Here are the groups that get priority under the Massachusetts plan for the COVID-19 vaccine

The state expects between 20,000 and 60,000 doses during the first phase.

Vials of Sinovac Biotech Ltd.'s vaccine displayed at a media event.

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The first vaccine for COVID-19 isn’t expected to be available for at least a few more months. And even when it is, there aren’t immediately going to be enough doses for everyone.

So officials in Massachusetts, as well as nationwide, are determining priorities in those early stages.

According to a recently released draft vaccine distribution plan, Gov. Charlie Baker’s administration is preparing for three phases of availability, as outlined by the COVID-19 vaccination “playbook” released last month by the Centers for Disease Control and Prevention. (All states were required to submit respective distribution plans.)

During the first phase, Massachusetts expects initial allocations of between 20,000 and 60,000 doses of COVID-19 vaccine (less than 1% of the state’s population of nearly 7 million residents). The state’s Department of Public Health says that, during the first phase of limited doses, it will prioritize three populations:

  1. Healthcare personnel likely to be exposed to or treat people with COVID-19;
  2. People at increased risk for severe illness from COVID-19, including those with underlying medical conditions and people 65 years of age and older;
  3. Other essential workers.

According to the plan, healthcare workers will come first during that period, with DPH prioritizing hospitals; long-term care facilities, such as nursing homes; emergency medical services; and other providers.


“MDPH knows that this initial allocation of vaccine will be insufficient to immunize all providers associated with health care institutions and long-term care facilities,” the plan says. “Within each participating facility prioritized by MDPH, prior identification of clinical providers and non-clinical staff with anticipated direct contact with COVID-19 patients, patients over 65, and those with specific co-morbid conditions will be identified and flagged for prioritized vaccine allocation. Strict allocation management by facility and specificity of eligible recipients at the facility level will be required to ensure complete and equitable distribution of vaccine in this initial phase.”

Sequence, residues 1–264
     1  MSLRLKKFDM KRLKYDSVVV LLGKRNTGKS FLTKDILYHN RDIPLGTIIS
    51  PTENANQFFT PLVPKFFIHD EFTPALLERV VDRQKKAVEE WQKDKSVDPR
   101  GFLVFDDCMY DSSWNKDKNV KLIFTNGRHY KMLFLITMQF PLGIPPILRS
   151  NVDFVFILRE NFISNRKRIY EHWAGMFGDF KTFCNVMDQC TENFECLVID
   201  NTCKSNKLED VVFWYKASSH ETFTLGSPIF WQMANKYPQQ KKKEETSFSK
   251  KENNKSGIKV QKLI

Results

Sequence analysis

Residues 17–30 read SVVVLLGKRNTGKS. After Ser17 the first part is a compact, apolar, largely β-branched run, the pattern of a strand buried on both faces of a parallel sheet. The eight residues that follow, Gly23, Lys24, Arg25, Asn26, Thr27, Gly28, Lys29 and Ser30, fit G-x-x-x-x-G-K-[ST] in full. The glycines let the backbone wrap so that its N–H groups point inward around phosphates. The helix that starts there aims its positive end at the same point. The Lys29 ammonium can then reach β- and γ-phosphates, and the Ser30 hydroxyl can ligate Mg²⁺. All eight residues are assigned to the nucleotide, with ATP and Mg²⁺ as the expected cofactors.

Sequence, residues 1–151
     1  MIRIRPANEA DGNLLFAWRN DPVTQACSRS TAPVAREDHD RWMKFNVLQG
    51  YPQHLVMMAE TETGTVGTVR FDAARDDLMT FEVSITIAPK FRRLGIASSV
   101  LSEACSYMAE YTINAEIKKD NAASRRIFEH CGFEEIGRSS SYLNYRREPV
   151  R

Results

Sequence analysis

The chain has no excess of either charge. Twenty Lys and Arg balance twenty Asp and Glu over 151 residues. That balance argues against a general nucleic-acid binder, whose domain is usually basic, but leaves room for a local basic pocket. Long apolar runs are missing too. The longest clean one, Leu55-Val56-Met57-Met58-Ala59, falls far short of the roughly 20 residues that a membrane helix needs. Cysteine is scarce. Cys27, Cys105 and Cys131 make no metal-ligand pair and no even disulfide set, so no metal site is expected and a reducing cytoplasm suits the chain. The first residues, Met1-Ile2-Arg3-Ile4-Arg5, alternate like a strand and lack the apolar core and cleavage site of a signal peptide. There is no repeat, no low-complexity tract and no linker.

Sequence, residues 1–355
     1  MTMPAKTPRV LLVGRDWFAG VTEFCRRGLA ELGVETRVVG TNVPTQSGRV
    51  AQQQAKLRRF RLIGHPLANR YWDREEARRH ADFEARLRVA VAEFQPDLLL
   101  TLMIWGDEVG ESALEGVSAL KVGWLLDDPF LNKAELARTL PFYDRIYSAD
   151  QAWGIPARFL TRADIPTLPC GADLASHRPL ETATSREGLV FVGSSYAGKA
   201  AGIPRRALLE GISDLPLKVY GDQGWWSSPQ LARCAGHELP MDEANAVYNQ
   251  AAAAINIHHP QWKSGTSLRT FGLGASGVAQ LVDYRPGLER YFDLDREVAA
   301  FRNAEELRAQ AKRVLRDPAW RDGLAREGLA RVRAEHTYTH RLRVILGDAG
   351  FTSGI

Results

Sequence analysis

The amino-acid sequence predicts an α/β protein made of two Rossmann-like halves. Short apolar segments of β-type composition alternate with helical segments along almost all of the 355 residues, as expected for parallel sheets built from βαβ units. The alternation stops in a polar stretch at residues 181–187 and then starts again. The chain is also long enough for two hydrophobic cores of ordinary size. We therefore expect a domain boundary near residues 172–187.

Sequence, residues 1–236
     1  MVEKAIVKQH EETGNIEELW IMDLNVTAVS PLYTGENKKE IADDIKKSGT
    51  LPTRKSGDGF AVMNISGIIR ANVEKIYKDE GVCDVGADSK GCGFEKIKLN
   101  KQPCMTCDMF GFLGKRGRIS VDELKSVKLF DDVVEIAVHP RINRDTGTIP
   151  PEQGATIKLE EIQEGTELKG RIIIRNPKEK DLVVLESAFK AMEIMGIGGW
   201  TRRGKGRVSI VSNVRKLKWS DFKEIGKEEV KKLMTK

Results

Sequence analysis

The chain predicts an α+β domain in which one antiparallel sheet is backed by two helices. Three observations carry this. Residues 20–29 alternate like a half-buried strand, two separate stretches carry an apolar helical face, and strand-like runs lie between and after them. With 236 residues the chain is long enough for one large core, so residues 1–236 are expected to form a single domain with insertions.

The plan also says that the Baker administration intends to deploy the Massachusetts National Guard to help nursing homes and other congregate care facilities vaccinate their staff and residents.


The CDC’s playbook does not say exactly how long they expect the first (or second or third) phase to last. But with more than a dozen companies around the world, including a several in Massachusetts, working on a vaccine, federal officials say they expect the supply of doses to “increase quickly over the proceeding months, allowing vaccination efforts to be expanded to additional critical populations and the general public.”

Once a large supply is available, Massachusetts’s plan says they will work with a broad network — including local health departments, hospitals, community health centers, pediatric and family care providers, and other medical specialists — during the second phase to make the vaccine available to the general public, with a focus on “critical populations.”


During a press conference Tuesday afternoon, Baker said the state will “make it a priority to reach out specifically to groups that have been disproportionately impacted by COVID-19 including people and communities of color.”

Once there is a sufficient supply of vaccine doses, the state’s plan says officials will “focus on ensuring equitable vaccination across the entire population,” as well as monitor and address areas where the vaccination rate appears low.

The state is also planning a public awareness campaign once the vaccine is available to make sure people know it “has been approved by the federal government and is safe and effective,” Baker said Tuesday. According to the distribution plan, efforts will focus on racial and linguistic minorities, who may be skeptical or unaware about the vaccine.


“MDPH will refer to emerging evidence of historic and COVID-19-specific vaccine hesitancy and under-immunization risk,” the document says. “Particular concerns surround the African American and other Black communities who have expressed concerns about vaccine safety and efficacy, linguistic minorities who may have lesser access to current and reliable information about the vaccine, and some non-U.S. born residents who may have concerns related to governmental engagement related to immigration status.”

Baker also noted that the plan is not yet finalized and “will probably change as more information becomes available.” The draft plan comes as Massachusetts and other states experience an “expected” increase in reported COVID-19 cases this fall, Baker said. Still, the governor reiterated that Massachusetts is in a “a strong position to keep fighting this virus,” due to increased testing capacity and a more prepared heath care system, as long as residents continue to adhere to the state’s face covering and gathering rules.


“While we continue to plan for distribution of a vaccine, we can’t take our eyes off the measures that we’ve been talking about for the last several months to keep people safe,” Baker said.

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